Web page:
5. Procedure
    In each of the above situations the responsible parties, in consultation with the AHA's Corporate Legal Counsel, shall determine a specific course of action based upon the particular facts and circumstances of the matter. The author(s) or scientist(s) against whom an allegation or indication of scientific misconduct arises shall be permitted a reasonable opportunity to respond or explain before the AHA takes final action in the matter. Though the intent of this Standard is to protect the reputation of the AHA and the integrity of its scientific publishing, scientific sessions, and funded research programs and activities, due regard also will be given to the protection of the reputation of the involved author(s) or scientist(s).

Collection, Use and Security of Personal Information

View the AHA's updated Privacy Statement.

American Heart Association Policy on Research

Ethical Aspects of Research With Human Subjects and Animals

Experimentation with human and non-human animal subjects raises multiple ethical challenges. In addition to obligations to the experimental subjects, any tissues or cells derived from those subjects must be handled respectfully. Attention to these ethical challenges is essential for the investigator, the scientific community, and science.

NOTE: The American Heart Association does not fund scientific research that involves the use of human fetal tissue and some areas of stem cell research.

For human and animal experimentation, the awardee, sponsor and department head at the sponsoring institution must affirm that:

  1. any human or animal subjects used in biomedical research only when no other means of obtaining scientifically sound, valid and useful results are available;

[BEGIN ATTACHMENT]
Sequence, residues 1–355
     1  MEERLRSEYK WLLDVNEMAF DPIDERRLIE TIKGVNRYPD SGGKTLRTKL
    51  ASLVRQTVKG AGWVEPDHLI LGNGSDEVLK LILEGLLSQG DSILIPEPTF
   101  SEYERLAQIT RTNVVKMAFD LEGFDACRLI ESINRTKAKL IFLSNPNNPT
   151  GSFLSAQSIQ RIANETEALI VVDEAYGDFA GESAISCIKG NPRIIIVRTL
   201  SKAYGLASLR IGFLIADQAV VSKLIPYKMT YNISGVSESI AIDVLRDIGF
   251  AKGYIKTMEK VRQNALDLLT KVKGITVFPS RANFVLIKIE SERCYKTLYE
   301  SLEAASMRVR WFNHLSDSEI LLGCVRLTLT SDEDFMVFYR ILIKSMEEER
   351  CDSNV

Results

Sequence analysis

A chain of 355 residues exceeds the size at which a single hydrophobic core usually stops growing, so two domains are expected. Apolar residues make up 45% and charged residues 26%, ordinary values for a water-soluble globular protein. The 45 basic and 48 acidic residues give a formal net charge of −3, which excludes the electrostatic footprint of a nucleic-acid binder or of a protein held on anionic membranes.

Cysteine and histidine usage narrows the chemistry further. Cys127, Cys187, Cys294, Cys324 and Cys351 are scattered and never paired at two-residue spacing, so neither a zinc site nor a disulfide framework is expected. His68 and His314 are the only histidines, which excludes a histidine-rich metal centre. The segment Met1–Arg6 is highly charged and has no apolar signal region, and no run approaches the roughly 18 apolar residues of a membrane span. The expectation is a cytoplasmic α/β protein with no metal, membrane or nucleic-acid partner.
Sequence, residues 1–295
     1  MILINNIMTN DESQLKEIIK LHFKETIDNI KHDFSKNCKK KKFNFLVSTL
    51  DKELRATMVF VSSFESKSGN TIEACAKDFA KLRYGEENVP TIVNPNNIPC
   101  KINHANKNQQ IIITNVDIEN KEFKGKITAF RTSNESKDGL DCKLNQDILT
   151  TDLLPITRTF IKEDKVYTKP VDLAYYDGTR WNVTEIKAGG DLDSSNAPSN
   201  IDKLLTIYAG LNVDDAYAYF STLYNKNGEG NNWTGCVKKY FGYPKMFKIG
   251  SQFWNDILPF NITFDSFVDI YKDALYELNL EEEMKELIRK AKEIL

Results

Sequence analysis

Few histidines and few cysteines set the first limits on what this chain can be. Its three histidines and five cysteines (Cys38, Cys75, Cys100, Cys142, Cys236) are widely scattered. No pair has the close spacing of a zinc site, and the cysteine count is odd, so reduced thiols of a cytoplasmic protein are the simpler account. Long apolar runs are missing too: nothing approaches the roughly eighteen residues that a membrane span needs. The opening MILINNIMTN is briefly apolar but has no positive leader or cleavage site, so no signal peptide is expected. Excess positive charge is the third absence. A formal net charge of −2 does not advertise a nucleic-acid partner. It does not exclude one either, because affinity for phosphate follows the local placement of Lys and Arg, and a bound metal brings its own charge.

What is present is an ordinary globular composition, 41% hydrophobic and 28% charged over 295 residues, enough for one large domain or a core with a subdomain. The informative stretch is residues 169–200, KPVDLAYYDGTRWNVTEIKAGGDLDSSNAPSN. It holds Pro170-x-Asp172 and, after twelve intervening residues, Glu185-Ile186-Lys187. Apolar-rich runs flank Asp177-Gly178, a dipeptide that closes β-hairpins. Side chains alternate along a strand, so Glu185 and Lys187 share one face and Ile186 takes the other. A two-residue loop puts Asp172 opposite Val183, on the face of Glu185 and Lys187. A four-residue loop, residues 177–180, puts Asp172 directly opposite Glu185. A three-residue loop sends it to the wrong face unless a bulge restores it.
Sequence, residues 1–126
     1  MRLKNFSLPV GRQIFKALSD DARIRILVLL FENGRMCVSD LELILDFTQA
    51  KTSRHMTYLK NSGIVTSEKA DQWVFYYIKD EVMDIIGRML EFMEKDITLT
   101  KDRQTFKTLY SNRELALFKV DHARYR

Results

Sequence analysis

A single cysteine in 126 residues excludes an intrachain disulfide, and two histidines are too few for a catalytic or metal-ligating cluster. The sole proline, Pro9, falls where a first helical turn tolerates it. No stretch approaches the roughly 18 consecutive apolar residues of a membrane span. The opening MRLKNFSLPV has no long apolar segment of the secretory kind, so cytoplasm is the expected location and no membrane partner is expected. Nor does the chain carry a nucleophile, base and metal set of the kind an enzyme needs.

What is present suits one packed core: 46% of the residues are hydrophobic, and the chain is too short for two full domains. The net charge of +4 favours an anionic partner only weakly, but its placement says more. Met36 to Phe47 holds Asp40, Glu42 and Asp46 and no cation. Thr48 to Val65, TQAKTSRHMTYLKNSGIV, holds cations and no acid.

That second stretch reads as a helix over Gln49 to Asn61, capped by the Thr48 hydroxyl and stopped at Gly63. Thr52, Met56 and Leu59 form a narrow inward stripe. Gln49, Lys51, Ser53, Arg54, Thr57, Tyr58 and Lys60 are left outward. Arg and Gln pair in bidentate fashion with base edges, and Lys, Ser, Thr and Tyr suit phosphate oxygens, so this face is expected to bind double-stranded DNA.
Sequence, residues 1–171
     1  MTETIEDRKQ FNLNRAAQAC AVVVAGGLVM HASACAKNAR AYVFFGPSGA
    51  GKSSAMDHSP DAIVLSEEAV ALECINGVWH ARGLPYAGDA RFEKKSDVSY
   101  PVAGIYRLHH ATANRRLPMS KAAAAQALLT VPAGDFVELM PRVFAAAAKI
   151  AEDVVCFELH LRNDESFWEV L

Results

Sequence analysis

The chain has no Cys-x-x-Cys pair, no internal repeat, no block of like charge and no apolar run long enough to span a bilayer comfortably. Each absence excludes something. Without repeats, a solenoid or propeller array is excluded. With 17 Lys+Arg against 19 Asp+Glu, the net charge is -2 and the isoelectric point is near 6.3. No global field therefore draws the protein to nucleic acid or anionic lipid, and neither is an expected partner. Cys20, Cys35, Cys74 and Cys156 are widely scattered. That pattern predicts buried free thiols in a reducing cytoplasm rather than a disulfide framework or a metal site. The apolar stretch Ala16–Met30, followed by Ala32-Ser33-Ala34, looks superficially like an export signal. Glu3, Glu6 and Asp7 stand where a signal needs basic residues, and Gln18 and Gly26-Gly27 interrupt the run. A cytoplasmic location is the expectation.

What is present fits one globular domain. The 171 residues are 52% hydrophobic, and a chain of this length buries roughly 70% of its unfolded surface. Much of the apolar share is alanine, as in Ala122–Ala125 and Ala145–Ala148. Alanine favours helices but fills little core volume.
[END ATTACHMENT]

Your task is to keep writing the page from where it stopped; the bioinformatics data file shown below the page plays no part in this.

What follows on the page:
2. the minimum number of animal or human subjects sufficient to obtain and validate results will be used;
  3. the recruitment, informed consent process, and treatment of human subject, and acquisition, care and use of animal subjects, will be in accordance with all applicable federal, state and local laws and regulations;
  4. any subjects proposed and subsequently carried out in the application have been endorsed by the Institutional Review Board, committee on clinical investigation, or other clearly designated appropriate body, of the sponsoring institution;
  5. any research involving human subjects will conform ethically with the guidelines prescribed by the National Institutes of Health (NIH) Office for Human Research Protections as noted under the Common Rule;
  6. any research involving animal subjects proposed and subsequently carried out in the application has been approved by the Institutional Animal Care and Use Committee;
  7. for any proposed animal experimentation, prior to being funded for a research grant, the institution will assure that the facilities, researchers and employees adhere to the Animal Welfare Act, Guide for the Care and Use of Laboratory Animals (National Health Council publication, National Academy Press), and any appropriate U.S. Department of Agriculture or National Institutes of Health regulations and standards, and that the institution has unqualified accreditation by the Association for Assessment and Accreditation of Laboratory Animal Care International (AAALAC) or holds a current Public Health Service (PHS) Animal Welfare Assurance.